Though Battery Electric Vehicles (BEV) currently have a limited market share, we expect this to drastically change in the relatively near future. By how much, and by when, we don’t yet know. BEVs are still a niche product relative to standard Internal Combustion Engine (ICE) cars. A partial cause is because there are still several disadvantages of choosing a BEV over a gasoline engine. First, consumers need access to state-of-the-art storage as well as fast and convenient charging infrastructures which are not always available. Further, full batteries only allow a BEV to go so far. According to an MIT study, BEVs can travel only up to 200 kilometers on a full battery – a figure that must increase if BEVs are to truly compete with ICE cars. Finally, the total cost of owning a BEV is still higher than that of an ICE. Until the cost of a BEV becomes more competitive, ICEs will still dominate the market.
A solution to these challenges that could make BEVs more wide spread can be found in improving battery quality and decreasing battery costs; however, both are easier said than done since the battery industry has a separate set of challenges. The high demand for lithium-ion batteries is not helping to keep costs down, and we only expect demand to increase, especially after China’s recent plan to require manufacturers, who make or import more than 30K vehicles each year, to increase their new-energy scores starting in 2019. In other words, manufacturers will be forced to produce cleaner vehicles, or BEVs, or encounter fines and fees. With regard to quality, future batteries should be able to meet the most demanding daily energy requirements, which are on average the commuting patterns of the scattered urban populations. The future batteries will meet commuters’ expectations and for that they should last at least the necessary amount of km to cover the most demanding commuting distances.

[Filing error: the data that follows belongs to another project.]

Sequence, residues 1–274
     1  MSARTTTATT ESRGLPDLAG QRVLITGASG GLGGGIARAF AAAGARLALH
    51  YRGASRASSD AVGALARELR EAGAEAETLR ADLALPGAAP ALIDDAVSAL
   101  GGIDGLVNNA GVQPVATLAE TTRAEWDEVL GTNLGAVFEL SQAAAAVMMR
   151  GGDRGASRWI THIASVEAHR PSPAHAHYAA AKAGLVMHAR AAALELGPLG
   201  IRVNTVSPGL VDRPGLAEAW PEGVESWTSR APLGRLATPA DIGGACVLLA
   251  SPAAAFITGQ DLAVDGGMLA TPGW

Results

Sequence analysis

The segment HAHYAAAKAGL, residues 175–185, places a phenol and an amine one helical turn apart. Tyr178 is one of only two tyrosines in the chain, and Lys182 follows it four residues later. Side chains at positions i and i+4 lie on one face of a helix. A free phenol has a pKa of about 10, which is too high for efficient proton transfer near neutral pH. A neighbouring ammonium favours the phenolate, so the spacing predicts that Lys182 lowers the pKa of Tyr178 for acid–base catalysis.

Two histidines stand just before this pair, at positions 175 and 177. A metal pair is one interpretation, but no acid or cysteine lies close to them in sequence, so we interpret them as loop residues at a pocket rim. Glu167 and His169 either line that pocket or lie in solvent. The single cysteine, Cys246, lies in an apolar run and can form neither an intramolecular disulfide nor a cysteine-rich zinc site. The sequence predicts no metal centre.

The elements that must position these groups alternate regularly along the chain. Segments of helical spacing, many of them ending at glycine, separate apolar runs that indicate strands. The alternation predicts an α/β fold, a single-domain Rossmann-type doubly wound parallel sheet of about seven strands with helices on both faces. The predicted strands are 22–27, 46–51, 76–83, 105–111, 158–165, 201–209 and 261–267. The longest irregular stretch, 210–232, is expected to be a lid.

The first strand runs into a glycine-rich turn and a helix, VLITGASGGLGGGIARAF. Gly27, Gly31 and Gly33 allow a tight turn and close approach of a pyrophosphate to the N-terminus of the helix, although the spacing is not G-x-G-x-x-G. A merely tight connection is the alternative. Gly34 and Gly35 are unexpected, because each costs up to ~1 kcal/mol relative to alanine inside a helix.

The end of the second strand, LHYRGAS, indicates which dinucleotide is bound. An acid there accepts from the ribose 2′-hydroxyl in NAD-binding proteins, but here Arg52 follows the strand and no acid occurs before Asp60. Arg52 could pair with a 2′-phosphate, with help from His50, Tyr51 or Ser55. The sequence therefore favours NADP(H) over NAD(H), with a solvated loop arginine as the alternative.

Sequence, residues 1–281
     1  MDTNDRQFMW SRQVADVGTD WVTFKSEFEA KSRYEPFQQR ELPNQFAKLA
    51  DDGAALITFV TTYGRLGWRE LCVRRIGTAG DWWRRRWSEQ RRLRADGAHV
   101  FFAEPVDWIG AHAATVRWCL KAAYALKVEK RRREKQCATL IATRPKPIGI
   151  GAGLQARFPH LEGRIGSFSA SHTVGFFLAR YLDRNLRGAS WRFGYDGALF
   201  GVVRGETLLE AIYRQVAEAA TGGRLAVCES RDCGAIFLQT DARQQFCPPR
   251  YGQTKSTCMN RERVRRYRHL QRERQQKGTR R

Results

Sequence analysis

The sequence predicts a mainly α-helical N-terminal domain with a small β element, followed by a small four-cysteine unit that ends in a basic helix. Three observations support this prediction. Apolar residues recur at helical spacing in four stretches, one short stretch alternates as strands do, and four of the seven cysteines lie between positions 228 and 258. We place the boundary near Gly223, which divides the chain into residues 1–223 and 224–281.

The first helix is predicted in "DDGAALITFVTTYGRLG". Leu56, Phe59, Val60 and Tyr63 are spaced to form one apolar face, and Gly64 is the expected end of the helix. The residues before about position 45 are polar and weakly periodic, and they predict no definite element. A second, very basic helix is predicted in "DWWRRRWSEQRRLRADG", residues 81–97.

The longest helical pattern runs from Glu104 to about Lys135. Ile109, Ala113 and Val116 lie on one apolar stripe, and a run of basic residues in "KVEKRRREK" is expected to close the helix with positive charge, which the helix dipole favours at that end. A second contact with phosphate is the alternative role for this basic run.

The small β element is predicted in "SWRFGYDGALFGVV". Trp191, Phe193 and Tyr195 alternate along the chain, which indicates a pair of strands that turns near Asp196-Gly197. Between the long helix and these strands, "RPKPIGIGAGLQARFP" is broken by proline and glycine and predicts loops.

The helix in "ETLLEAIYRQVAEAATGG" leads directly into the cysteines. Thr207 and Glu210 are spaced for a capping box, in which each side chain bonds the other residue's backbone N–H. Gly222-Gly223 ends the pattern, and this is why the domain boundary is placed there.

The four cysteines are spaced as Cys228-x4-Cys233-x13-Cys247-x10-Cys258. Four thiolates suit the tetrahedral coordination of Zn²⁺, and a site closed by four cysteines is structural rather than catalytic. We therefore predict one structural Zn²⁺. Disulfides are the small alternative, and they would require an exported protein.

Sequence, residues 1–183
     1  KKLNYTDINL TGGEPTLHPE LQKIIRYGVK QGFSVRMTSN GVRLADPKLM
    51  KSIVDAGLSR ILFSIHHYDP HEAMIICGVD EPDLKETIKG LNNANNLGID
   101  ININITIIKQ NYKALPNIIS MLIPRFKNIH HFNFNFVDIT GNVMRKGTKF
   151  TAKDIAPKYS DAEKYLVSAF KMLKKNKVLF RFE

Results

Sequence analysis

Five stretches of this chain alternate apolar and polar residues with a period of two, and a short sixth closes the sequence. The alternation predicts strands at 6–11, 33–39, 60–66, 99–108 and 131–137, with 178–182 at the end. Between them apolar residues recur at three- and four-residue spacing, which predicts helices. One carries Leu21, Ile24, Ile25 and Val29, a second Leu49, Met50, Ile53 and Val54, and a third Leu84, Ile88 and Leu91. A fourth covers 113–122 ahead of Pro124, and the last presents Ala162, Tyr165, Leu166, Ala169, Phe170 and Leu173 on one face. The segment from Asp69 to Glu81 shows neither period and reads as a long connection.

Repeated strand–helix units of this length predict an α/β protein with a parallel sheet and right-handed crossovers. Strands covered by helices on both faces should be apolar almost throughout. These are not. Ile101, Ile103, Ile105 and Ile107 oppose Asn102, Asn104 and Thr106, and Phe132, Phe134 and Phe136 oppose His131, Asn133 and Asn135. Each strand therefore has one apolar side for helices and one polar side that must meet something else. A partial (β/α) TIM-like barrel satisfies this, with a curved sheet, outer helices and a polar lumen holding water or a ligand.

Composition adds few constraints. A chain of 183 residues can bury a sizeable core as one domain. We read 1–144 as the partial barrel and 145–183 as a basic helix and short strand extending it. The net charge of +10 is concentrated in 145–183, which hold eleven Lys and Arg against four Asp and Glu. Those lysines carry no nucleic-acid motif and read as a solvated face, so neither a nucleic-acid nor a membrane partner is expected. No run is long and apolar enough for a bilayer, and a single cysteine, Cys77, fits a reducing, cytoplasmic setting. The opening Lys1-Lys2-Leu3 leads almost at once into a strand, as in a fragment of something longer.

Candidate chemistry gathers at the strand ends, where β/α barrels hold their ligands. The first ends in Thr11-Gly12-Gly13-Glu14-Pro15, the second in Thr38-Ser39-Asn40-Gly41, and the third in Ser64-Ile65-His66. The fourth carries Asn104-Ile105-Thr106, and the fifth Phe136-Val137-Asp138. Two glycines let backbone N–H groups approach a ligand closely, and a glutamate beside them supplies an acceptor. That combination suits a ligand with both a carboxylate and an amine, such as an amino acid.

The path to increased market share has definite obstacles and setbacks, but by 2035, we expect that 100% of new cars built in Europe will be BEV, a big leap from the 1.3% BEVs currently manufactured. Such a positive forecast is the result of government support and the race among manufacturers to reach ambitious sales targets for future demand. As we’ve seen, governments are starting to enact strict emissions regulations and have invested significantly in research and development toward this initiative. Currently the R&D is focused on good, cheap, long-lasting battery storage improvements.
This reality is difficult to foresee at this juncture because the BEV market is still in the “valley of death”, or the transition from niche market to widespread adoption. In the future, batteries will not only contribute to climate change mitigation through cars, but also through other sectors like mining and urban planning, as battery development evolves. The road ahead is sure to be electric and sustainable, but not necessarily easy.